Manchester United have reclaimed their status as the club with the most valuable brand in world football despite a second consecutive turbulent season bereft of silverware.
Record-breaking commercial deals and the looming windfall from the Premier League’s next broadcast rights contract have lifted United back to the top of Brand Finance’s Football 50 list, published today.
In a show of faith in manager Louis van Gaal’s recent success in reversing the on-field decline, the Old Trafford side climbed two places to overtake Bayern Munich and Real Madrid.
Neighbours Manchester City and Chelsea complete the top five, Arsenal, Liverpool and Tottenham make the top 10, and there are a total of 17 English clubs in the top 50.
Barcelona, who won the Champions League on Saturday night, trail in sixth, while runners-up Juventus are behind Spurs in 11th.
Brand Finance, the leading international brand valuation and strategy consultancy, uses a wide range of factors to calculate both a club’s brand value and brand rating.
The brand rating reflects the image of the club, as the public would perceive it, and takes into account reputation, heritage, on-pitch performance, and how aware people are of them.
That brand rating is then combined with revenue, both current and projected, to estimate a brand value, which is of particular interest to the marketing and sponsorship industries.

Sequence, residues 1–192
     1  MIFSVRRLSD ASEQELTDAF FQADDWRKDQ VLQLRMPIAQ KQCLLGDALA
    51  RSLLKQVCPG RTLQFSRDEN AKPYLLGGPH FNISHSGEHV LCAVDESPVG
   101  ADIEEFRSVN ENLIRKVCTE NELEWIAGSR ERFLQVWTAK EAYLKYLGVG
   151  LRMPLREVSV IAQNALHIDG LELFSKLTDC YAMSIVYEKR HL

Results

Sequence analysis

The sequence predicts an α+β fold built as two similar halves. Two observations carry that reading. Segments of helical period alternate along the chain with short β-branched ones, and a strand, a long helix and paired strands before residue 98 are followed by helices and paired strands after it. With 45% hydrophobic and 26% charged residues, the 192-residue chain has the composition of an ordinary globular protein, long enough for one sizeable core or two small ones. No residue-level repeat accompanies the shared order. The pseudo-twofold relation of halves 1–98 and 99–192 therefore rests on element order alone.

United lost top spot in the list to Bayern in 2013 and dropped to third last year following a dismal first campaign without the all-conquering Sir Alex Ferguson as manager.
But a new £750m, 10-year kit deal with Adidas and the prospect of a three-year TV deal starting in 2016 worth more than £5bn in domestic rights alone sent their brand value rocketing by 63 per cent.
Allied with the return to the Champions League engineered by Van Gaal, the first football club brand value in excess of $1bn could in itself attract more business to United.
“It is reflective of a show of faith from sponsors,” Brand Finance’s Robert Haigh told City A.M. “It shows other interested parties that they are a club worth sticking with and still at the top of the game. It’s encouraging for investors too, so could affect share price in the short-term.”
Fellow European giants such as Bayern, Real and Barcelona are finding their progress checked by the relative lack of competition within their domestic leagues, the report notes.
Manchester City enjoyed another year of huge growth, their brand value rising 57 per cent to $800m (£482m). That placed them fourth in the list, one spot ahead of new Premier League champions Chelsea, whose brand value swelled by 58 per cent to $795m (£479m).
Seventh-placed Arsenal dropped a place despite seeing brand value soar 39 per cent to $703m (£423m). Liverpool, in eighth, experienced 23 per cent growth to $577m (£347m), placing them above Qatar-backed French champions Paris Saint-Germain. Tottenham’s brand value grew 47 per cent to $360m (£217m).